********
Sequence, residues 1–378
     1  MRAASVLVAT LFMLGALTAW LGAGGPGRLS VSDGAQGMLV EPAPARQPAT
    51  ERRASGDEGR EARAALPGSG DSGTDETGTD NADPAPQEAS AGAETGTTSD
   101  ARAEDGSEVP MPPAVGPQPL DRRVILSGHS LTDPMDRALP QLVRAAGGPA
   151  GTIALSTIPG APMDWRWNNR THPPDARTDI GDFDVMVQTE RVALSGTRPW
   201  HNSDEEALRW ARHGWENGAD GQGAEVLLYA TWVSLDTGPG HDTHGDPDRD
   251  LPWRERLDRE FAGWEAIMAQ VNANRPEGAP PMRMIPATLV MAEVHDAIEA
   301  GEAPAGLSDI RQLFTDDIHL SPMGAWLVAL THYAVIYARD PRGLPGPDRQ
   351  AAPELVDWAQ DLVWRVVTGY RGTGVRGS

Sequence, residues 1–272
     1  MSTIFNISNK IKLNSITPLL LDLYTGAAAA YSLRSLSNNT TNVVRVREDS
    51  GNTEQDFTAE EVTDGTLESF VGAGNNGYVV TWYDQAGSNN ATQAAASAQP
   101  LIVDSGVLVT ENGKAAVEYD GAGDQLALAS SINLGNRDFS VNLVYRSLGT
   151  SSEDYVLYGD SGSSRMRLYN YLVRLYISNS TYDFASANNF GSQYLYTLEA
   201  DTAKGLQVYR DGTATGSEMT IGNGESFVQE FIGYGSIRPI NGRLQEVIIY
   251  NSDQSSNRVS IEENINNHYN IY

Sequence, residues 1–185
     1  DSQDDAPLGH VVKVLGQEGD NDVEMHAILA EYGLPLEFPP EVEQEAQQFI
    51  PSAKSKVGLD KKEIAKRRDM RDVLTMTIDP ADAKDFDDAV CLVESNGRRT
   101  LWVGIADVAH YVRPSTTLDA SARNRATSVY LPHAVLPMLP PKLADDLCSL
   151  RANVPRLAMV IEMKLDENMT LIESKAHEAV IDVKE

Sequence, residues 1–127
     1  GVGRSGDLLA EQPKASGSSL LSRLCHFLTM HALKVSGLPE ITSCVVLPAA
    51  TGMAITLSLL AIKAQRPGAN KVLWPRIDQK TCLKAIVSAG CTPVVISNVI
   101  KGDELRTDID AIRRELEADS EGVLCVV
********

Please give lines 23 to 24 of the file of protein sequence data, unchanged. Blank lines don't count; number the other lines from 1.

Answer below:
     1  GVGRSGDLLA EQPKASGSSL LSRLCHFLTM HALKVSGLPE ITSCVVLPAA
    51  TGMAITLSLL AIKAQRPGAN KVLWPRIDQK TCLKAIVSAG CTPVVISNVI